All that said, I did think that some of the twists were a little haphazard and cobbled together to make for higher drama when there probably didn’t need to be as such. One of them was even the kind that I just don’t like in that it was thrown in basically at the las moment, as one final shock to the narrative. I’ve complained about this kind of thing in the past, and I’m pretty sure that I had that gripe with Jayatissa’s previous novel “My Sweet Girl”. What I will say about this one was that it wasn’t so involved that it completely changed the outcome of the story in the last few paragraphs, but sometimes that’s even more frustrating because then what even is the point of doing such a thing outside of just being able to say ‘well maybe I gave you one last shock’. I don’t really need one last shock so close to the end, and unless you REALLY earn it, it’s usually going to be the kind of thing that leaves a sour taste in my mouth.

Sour taste aside, “You’re Invited” was entertaining, soapy, and suspenseful enough that I enjoyed my time reading it. Amanda Jayatissa is definitely going to be one of those authors I want to read, and I am very interested to see what her next book is going to be!

Rating 7: A couple twists felt out of left field and unearned, but overall I found this to be engaging and entertaining.

Reader’s Advisory:

“You’re Invited” is included on the Goodreads lists “Wedding Mysteries & Thrillers”, and “Books by Sri Lankan Authors About Sri Lanka”.

Serena’s Review: “Death at the Manor”

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Book: “Death at the Manor” by Katharine Schellman

Publishing Info: Crooked Lane Books, August 2022

Where Did I Get this Book: Edelweiss+

Where Can You Get this Book: Amazon | IndieBound | WorldCat

Book Description: Regency widow Lily Adler is looking forward to spending the autumn away from the social whirl of London society. When she arrives in Hampshire with her friends, Lord and Lady Carroway, she doesn’t expect much more than a quiet country visit and the chance to spend time with her charming new acquaintance, Matthew Spencer.

But something odd is afoot in the small country village. A ghost has taken up residence in the Belleford manor, a lady in grey who wanders the halls at night, weeping and wailing. Half the servants have left in terror, but the family is delighted with the notoriety that their ghost provides. Piqued by this spectral guest, Lily and her party immediately make plans to visit Belleford.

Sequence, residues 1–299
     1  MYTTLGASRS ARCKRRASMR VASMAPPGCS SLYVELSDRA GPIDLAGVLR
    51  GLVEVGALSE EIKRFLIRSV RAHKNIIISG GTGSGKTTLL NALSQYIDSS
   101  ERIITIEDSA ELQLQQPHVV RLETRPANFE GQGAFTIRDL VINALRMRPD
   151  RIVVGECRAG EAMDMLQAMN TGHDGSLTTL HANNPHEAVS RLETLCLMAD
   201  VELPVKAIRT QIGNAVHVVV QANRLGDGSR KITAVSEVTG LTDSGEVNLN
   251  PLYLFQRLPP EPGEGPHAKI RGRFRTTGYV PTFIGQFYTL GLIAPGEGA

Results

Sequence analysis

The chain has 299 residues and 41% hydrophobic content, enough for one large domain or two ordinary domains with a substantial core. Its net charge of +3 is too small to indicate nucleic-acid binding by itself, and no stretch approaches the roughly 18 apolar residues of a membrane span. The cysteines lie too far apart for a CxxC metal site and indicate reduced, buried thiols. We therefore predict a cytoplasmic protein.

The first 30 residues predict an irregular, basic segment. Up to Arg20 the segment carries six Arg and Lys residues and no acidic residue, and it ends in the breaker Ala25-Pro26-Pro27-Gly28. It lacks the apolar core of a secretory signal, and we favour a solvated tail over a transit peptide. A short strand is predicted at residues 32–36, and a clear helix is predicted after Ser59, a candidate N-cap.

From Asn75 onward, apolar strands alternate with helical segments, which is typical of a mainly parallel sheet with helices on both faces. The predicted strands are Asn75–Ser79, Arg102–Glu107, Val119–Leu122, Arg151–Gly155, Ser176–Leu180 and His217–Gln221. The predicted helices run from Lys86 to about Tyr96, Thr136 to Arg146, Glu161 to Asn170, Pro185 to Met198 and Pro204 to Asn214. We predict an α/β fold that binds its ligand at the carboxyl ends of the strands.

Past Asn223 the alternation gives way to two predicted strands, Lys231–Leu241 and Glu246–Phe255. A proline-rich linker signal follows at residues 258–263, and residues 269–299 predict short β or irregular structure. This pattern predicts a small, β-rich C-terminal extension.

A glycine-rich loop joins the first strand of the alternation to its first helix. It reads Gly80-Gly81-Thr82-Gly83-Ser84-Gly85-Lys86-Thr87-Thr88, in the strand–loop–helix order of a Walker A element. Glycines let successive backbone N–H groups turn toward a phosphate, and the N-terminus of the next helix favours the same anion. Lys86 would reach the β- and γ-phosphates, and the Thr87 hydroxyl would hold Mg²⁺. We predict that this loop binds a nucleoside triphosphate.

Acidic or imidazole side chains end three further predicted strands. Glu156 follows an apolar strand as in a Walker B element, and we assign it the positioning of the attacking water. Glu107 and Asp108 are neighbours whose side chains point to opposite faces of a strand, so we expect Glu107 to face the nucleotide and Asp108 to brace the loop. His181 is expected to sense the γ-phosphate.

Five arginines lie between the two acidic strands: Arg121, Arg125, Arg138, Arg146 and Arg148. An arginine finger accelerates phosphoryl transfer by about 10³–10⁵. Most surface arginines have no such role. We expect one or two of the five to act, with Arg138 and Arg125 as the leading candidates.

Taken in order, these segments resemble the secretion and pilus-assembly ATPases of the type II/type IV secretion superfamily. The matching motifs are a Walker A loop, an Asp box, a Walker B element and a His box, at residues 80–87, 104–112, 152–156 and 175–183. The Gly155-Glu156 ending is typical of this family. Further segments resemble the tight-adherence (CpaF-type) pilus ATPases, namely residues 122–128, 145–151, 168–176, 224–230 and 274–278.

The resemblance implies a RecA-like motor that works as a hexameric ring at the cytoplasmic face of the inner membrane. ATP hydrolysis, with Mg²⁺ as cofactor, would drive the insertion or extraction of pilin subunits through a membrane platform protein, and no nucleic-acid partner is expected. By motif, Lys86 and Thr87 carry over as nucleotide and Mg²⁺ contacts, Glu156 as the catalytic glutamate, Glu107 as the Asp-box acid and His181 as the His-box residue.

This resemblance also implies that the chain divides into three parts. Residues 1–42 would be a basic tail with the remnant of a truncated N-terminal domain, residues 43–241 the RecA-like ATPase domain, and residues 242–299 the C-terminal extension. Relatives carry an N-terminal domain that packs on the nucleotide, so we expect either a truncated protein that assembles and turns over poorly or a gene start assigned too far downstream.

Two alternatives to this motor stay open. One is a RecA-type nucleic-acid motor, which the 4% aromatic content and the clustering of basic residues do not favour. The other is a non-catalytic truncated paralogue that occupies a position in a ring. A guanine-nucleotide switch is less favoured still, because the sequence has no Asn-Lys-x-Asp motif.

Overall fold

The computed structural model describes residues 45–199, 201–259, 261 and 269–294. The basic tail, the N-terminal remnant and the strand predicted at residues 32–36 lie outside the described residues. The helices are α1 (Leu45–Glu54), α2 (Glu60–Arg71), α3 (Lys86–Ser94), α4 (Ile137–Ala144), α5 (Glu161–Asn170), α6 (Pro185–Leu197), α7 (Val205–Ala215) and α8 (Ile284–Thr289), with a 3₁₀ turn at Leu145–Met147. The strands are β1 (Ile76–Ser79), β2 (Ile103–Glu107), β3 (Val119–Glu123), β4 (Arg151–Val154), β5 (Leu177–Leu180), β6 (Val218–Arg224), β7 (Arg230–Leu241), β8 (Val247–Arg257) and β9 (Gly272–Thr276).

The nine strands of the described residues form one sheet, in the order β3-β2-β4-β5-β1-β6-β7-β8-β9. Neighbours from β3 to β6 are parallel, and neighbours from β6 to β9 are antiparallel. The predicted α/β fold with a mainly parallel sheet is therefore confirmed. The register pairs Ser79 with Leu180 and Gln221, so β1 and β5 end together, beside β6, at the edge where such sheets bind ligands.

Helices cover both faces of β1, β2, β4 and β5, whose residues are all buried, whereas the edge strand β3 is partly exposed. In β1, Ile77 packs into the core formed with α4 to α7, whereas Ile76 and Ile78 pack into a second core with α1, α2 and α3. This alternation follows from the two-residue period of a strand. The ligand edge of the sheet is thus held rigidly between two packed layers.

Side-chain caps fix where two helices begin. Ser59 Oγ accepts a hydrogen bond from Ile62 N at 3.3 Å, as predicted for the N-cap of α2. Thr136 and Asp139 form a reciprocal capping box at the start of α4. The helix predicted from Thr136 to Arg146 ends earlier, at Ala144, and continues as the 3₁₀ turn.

They arrive at the manor the next morning ready to be entertained—but tragedy has struck. The matriarch of the family has just been found smothered to death in her bed.

There was no one else in her room, and the door was locked from the inside. The dead woman’s family is convinced that the ghost is responsible. The servants are keeping secrets. The local magistrate is flummoxed. Lily is determined to learn the truth before another victim turns up—but could she be next in line for the Great Beyond?

Previously Reviewed: “The Body in the Garden” and “Silence in the Library”

Review: I’ve really been enjoying this historical mystery series. There are a few others I’ve been reading recently, but they’ve all featured a heroine/hero combination that, while enjoyable, begins to feel familiar very quickly. This book stands out not only with Lily serving as the primary detective herself, but in the fact that her cast of supporting characters not only includes, yes, the hero character, but also some of her fellow lady friends. This has allowed the series to remain feeling fresh and unique as compared to contemporaries. So, of course, when I saw the new one coming out this summer, I was on top of things!

Lily Adler’s friend, Captain Jack, is heading back to sea. And while he is glad to be returning to his beloved ship, he worries that Lily has had quite the penchant for stumbling upon dead bodies recently. She, however, assures him that she will be heading to the country to spend time with her dear aunt. What body could possibly be found in these circumstances? Alas, Jack’s worries are all too astute. For Lily, accompanied by her friend Lady Carroway, not only stumbles upon another murder victim, but the primary suspect is none other than a manor house ghost. But when Lily stumbles upon some revelations she had never suspected, she begins to question her own abilities. Will she be able to solve yet another mystery?

So, unfortunately, this book didn’t quite live up to my expectations for it. Admittedly, they were quite high, so the book was by no means objectively bad. Just not as good as the two that came before. But first, there are a few things that definitely stood out in the positive category. For one, I liked Lily’s struggles with her own limitations. Up to this point, while Lily has struggled to garner the respect from her peers for her observational skills, she’s never suffered from any great crisis of faith in herself. Here, after a secret that has been sitting right under her nose for years finally comes to light, Lily must grapple with her own limitations and biases. It’s a great internal arch for the character, and one that you rarely see in detective mysteries such as this that rely on their main character’s almost supernatural ability to know all.